Court Rules Boston Symphony O.k. on Redgrave’s Civil Rights

British actress Vanessa Redgrave suffered a setback last week after a federal appeals court in Boston ruled that the Boston Symphony Orchestra did not violate her civil rights when it canceled her performances, following threats by protesters.

It was the latest and probably the final chapter in the legal battle between Redgrave and the orchestra. It started in 1982 after the orchestra decided to cancel Redgrave’s contract to narrate six performances of Stravinsky’s “Oedipus Rex” in Boston.

The orchestra canceled her appearance following threats they received because of Redgrave’s support of the Palestine Liberation Organization.

The 3-2 decision by the U.S. Court of Appeals for the First Circuit last week said that the cancellation of Redgrave’s contract did not violate the Massachusetts Civil Right Act.

The court, however, upheld a $12,000 award to Redgrave as compensation for a lost role in a Broadway play. A three-member panel of the same appeals court ruled in her favor in October 1987.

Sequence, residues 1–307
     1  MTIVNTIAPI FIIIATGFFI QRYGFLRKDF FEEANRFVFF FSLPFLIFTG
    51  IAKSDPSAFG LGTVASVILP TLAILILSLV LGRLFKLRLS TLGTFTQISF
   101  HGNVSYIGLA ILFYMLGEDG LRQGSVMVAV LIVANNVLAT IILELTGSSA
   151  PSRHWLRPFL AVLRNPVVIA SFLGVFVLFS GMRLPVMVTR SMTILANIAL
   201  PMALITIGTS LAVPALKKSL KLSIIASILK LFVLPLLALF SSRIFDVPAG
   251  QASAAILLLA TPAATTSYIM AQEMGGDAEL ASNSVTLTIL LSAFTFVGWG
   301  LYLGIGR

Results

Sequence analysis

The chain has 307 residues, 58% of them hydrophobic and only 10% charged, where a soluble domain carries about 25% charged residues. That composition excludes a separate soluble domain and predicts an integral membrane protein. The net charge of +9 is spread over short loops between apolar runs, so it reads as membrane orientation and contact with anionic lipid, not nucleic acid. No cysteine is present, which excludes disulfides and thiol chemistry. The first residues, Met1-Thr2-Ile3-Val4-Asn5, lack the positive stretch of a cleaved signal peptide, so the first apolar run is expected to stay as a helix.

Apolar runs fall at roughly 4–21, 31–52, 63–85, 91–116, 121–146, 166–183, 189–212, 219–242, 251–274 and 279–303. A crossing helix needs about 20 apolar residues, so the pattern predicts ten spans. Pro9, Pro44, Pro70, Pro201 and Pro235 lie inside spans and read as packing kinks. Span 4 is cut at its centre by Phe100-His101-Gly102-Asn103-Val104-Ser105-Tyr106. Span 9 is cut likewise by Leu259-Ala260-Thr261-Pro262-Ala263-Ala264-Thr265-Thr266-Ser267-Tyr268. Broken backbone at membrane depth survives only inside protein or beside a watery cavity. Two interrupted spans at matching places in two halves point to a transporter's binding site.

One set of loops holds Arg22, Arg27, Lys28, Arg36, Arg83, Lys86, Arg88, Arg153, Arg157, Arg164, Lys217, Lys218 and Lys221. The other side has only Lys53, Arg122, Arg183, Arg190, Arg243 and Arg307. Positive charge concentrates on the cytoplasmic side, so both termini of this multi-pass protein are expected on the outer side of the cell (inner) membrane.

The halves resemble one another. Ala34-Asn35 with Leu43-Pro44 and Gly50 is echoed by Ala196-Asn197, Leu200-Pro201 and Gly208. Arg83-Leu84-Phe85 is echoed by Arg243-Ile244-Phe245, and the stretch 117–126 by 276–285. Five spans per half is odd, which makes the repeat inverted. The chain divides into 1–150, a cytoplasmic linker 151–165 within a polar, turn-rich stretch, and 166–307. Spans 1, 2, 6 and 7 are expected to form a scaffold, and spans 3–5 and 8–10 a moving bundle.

The trial of Redgrave against the orchestra, in which the actress sought $5 million in damages, went beyond a simple breach of contract case and turned into a battle of freedom of speech and the mix of art and politics.

The orchestra said at the time it decided to cancel the contract after it received letters and calls warning that there would be picketing and other protests against Redgrave, because of her strong opposition to Israel and her embrace of the PLO.

Redgrave won the first round of her legal battle when a federal jury ruled in November 1984 that the orchestra breached the contract and awarded her $100,000 in compensation and $27,500 in lost wages.

But in February 1985, District Court Judge Robert Keaton dismissed the $100,000 award and ruled Redgrave’s civil rights were not violated.

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